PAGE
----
As if the physical changes, the emotional roller coaster weren’t enough! And the possibility of Gestational Diabetes is thrown into the situation. We know it can be difficult, both physically and emotionally. Plus, it can also lead to worrying about what people might think (don’t we all know those nosey relatives, Urrghh!) and handling the diagnosis.
Don’t get bummed.
Even if you are diagnosed, you can surely turn around things for yourself if you know these facts about gestational diabetes. It is easier to manage, than you think.
1. Really, What is it?
Gestational Diabetes occurs when a pregnant woman has high blood glucose levels. The cause of this remains unknown. There are, however, many factors that put you at a higher risk, like obesity, family history of diabetes, high blood pressure, a history of birthing babies over 4 kgs and a history of miscarriage or unexplained stillbirth. The condition usually develops around 21 to 25 weeks gestation.
If unchecked and not controlled, it can be dangerous for the mom and the unborn baby. Timely diagnosis however can make it easy to manage and you can have an uncomplicated pregnancy.
And remember, you aren’t alone. About 15 percent women worldwide are diagnosed with this condition.
2. Symptoms? Don’t Rely on Them
Most women have no distinct symptoms of gestational diabetes. Experiencing fatigue, increased thirst, blurred vision, increased urination and nausea can be some symptoms. But since these are also common to pregnancy in general, they go unnoticed or are passed off as normal.
3. Early Screening is The Way
Early screening, therefore, is the most common way of detection. A standard oral glucose tolerance test between 24th and 28th week, usually detects your risk. The earlier it is screened, the better! It is easier to control and manage the blood glucose levels and lessens the risk of any complications.
Your docs better be proactive at this or you make sure they are.
4. Weight Does Matter
You are at a higher risk of developing gestational diabetes if you have been overweight before your pregnancy or you have gained too much weight too quickly during your pregnancy. It may be wise to consult your doctor before you decide to conceive if you are obese.
Having said that, not all overweight women develop gestational diabetes. It has more to do with the way our bodies produce glucose than the body weight.
5. Diet and Exercise is Key
Don’t despair at being diagnosed, as most cases are easily controlled by a balanced diet and exercise. Mommies-to-be should pay attention to their carb, protein and fat intake.
Don’t worry about having to completely give up on your favourite carbs during or after pregnancy. You will be asked to limit your carb intake to whole grains and complex carbs, eliminating simple sugars in sweets, soft drinks and some fruits. Replacing your white bread, pasta and potatoes with whole wheat counterparts will help.
Eating regularly, as often as two hours, can help control blood sugar levels.
Also, regular exercise (at least 20 mins, thrice a week) has been shown to help control gestational diabetes.
6. You Don’t Necessarily Need Insulin
In most cases, if you follow the nutritional advice of your doctor and exercise regularly, there should be no need for you to get insulin shots.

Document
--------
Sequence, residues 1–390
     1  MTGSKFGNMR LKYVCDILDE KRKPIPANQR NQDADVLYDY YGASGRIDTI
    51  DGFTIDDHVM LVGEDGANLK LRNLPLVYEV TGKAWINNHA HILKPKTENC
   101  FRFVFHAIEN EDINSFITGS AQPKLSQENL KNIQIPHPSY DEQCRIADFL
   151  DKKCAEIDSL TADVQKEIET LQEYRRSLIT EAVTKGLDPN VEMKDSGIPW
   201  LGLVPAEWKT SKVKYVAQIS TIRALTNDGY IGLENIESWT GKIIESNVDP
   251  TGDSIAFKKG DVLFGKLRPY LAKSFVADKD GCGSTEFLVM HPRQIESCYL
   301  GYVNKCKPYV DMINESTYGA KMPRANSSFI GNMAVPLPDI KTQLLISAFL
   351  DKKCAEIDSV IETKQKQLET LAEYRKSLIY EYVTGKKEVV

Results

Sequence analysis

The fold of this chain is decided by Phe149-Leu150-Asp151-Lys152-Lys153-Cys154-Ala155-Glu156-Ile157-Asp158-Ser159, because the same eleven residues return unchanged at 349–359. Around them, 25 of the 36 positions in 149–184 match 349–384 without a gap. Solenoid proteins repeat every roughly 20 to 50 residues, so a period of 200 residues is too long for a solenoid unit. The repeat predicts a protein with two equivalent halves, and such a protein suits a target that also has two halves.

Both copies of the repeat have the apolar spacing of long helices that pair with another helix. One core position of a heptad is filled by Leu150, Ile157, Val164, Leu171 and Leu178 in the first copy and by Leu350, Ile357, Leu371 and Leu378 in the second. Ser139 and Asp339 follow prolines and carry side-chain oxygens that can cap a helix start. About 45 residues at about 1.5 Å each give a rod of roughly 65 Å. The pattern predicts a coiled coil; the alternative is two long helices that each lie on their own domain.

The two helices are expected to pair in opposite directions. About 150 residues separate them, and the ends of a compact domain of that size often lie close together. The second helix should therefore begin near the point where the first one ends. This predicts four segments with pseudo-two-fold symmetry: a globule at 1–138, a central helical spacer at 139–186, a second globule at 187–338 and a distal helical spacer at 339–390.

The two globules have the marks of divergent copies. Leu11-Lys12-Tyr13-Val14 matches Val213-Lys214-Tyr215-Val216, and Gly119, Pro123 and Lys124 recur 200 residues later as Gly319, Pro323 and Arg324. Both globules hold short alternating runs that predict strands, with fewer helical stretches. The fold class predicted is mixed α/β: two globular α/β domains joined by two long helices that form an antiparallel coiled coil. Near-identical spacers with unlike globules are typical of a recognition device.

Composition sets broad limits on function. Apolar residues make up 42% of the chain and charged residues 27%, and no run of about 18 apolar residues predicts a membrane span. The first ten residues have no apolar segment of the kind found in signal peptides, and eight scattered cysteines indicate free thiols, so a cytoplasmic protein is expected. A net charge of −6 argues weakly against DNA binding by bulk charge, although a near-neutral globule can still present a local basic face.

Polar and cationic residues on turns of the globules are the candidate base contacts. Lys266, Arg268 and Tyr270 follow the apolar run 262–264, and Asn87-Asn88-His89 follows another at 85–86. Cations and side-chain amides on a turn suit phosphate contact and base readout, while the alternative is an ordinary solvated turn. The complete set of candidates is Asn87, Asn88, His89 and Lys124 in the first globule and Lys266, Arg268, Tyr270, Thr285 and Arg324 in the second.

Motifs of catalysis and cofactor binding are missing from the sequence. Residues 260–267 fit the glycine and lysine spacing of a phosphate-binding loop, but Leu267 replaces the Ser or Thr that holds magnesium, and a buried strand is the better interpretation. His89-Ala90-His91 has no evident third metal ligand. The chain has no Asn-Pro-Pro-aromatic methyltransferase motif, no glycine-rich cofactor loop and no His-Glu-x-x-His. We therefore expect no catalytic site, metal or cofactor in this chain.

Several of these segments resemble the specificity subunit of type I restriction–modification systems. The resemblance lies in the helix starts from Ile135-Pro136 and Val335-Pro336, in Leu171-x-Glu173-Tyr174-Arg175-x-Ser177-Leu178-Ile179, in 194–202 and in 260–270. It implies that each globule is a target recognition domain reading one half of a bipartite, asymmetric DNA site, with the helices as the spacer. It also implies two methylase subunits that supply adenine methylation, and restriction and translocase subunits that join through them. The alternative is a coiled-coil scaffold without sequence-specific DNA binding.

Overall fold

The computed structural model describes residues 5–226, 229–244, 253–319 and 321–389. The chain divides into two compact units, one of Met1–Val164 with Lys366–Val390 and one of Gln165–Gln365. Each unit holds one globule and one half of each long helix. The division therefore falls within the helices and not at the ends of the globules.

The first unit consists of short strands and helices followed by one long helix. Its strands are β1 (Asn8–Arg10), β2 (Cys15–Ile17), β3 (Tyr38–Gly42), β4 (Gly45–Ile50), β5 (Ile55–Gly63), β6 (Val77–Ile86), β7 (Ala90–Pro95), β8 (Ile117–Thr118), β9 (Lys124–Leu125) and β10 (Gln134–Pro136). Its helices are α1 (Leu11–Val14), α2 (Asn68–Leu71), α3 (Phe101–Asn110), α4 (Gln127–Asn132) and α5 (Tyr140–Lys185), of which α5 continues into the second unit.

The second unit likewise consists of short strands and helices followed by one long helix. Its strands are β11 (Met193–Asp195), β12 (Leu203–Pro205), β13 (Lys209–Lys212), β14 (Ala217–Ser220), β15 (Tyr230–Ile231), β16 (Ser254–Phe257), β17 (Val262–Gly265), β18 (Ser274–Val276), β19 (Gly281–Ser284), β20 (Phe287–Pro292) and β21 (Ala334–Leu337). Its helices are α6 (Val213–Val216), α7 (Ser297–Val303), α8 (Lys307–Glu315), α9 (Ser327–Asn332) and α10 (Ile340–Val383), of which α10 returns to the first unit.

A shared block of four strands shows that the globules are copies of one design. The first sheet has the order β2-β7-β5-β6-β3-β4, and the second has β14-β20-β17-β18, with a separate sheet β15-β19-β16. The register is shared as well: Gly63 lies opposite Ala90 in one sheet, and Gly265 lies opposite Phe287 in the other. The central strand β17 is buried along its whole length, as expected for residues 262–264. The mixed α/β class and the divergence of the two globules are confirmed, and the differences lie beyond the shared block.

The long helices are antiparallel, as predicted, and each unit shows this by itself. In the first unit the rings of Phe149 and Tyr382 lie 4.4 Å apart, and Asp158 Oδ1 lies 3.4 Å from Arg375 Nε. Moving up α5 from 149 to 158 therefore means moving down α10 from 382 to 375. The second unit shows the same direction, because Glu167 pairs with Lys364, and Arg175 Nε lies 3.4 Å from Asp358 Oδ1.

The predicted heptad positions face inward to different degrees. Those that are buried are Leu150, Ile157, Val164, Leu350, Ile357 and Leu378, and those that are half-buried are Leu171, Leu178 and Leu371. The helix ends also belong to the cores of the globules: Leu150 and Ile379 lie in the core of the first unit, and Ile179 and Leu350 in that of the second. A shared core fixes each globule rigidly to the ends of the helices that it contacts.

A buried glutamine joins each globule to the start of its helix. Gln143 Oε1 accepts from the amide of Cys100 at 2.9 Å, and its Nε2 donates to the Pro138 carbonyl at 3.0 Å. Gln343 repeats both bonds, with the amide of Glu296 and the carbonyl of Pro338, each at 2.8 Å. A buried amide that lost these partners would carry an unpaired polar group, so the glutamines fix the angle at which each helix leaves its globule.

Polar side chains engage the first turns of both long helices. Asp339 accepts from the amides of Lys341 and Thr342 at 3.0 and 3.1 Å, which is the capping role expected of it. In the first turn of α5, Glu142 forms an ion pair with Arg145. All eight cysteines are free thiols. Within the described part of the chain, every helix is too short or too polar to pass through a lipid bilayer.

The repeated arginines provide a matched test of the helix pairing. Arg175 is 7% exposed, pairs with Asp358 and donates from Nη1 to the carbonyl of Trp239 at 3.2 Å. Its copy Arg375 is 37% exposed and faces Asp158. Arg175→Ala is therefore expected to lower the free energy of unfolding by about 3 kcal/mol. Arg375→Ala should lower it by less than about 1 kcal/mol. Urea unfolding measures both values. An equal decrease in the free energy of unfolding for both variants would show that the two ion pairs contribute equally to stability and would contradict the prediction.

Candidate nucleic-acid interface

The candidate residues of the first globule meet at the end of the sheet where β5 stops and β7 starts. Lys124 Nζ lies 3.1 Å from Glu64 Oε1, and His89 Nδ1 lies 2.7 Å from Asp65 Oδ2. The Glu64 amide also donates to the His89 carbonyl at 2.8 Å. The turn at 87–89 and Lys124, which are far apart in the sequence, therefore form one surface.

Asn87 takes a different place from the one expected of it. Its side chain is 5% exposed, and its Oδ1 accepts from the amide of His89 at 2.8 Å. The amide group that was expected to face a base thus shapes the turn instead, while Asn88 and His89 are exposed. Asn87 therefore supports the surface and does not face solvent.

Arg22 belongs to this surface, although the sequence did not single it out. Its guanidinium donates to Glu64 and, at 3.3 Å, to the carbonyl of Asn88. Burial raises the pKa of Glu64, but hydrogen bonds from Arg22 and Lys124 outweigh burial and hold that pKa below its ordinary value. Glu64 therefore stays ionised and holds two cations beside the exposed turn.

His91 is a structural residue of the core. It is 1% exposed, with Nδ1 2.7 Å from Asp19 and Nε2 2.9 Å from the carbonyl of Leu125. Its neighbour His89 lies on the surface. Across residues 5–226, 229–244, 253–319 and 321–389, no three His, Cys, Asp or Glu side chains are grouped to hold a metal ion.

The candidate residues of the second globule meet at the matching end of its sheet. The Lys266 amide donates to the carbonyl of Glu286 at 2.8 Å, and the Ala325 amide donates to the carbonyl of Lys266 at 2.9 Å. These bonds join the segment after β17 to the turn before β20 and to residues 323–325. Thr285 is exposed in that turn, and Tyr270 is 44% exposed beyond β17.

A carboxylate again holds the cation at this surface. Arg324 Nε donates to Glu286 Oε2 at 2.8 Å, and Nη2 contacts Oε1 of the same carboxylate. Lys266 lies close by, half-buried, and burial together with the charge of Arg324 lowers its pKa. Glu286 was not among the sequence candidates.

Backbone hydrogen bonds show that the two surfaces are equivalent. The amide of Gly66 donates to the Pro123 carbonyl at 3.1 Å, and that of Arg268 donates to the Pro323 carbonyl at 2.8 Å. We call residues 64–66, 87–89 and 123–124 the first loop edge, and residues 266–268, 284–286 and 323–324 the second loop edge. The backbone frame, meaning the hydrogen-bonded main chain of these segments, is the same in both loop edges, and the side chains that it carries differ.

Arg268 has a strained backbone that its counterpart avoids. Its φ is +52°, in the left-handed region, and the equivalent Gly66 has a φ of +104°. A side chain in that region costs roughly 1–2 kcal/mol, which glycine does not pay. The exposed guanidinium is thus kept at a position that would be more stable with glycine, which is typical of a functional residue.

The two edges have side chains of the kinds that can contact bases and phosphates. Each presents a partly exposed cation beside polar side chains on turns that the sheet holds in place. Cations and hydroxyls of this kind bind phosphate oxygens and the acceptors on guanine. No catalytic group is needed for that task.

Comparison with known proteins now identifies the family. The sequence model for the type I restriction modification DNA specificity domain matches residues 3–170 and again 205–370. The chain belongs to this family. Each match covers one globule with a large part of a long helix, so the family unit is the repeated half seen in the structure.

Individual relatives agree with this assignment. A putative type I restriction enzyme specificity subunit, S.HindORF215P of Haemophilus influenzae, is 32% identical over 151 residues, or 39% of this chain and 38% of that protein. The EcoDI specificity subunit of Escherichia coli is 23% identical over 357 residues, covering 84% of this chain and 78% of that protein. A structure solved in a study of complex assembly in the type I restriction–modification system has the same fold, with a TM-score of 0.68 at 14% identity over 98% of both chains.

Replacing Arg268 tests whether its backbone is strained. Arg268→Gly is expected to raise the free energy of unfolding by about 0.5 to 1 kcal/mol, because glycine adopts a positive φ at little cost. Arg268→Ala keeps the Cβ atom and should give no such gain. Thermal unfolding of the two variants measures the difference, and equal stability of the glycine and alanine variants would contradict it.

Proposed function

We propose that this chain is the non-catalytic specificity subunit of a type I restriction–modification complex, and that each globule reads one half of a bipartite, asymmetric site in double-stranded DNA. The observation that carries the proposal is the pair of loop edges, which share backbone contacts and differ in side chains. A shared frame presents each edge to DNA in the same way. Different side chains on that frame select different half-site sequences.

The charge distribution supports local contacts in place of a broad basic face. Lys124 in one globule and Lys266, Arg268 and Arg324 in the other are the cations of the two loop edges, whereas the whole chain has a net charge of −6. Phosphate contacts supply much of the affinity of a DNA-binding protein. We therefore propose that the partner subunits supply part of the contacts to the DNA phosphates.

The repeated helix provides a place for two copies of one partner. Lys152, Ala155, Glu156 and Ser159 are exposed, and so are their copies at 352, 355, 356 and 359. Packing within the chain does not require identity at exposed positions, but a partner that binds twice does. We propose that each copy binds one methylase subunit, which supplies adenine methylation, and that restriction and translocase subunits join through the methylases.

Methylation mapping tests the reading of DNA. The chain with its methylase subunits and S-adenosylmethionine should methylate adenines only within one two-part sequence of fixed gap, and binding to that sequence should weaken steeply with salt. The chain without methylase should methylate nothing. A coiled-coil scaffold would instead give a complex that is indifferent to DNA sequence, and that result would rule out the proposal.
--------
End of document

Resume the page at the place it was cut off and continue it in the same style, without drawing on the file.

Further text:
In cases where the doctor feels the need to give insulin, it is usually in small doses. So, don’t you worry girl. Some pricks and being brave later, this too shall pass.
7. The Impact On Baby
Having gestational diabetes puts you at some risks, and also puts the tiny human growing in your womb, at some risks. High blood sugar will mean that the baby might have increased size and weight and therefore increases the risk of trauma during birth.
Babies born from gestational diabetes pregnancies are more likely to develop Type 2 diabetes and battle obesity later in life.
If the condition is controlled properly, it will lower these risks considerably.
8. You Don’t Have to Have a C-Section
Having gestational diabetes doesn’t automatically mean you will have a C-section. Nope! It is true that the chances are higher, especially if it isn’t carefully managed, but it is possible to have uncomplicated vaginal deliveries.
Sometimes due to larger than average birth weight, there can be difficulties delivering the baby through the pelvis. But again, with the diabetes being controlled, it is less likely to be a problem.
9. Pre-empt the Risk, Change Lifestyle Accordingly
If you are a mommy-to-be diagnosed with gestational diabetes, you don’t have to live with it through your life. Yaass!
Blood sugar levels usually return to normal immediately after childbirth. But pre-empt your risks as women who develop this condition are more likely to develop Type II diabetes within 5 to 10 years of giving birth. Also, the risk of developing diabetes is higher during your next pregnancy. Sticking to a healthy, carb-conscious diet and maintaining your exercise regime will ensure you can reduce these risks.
10. Positivity Goes a Long Way
We don’t blame you if you feel angry, dis-heartened or suffer occasional bouts of ‘why me’! Or if you feel you have been robbed of an experience you so carefully planned. It is natural to be worried. Focus on making small changes, exercising moderately and maintaining a healthy mind set.
Staying positive is extremely important. And remember – It isn’t going to last forever.
Be open to your doctor and clarify any doubt that you still might have. Diabetes shouldn’t mean that it isn’t the happiest time of your life.
Go, have a happy bump-time!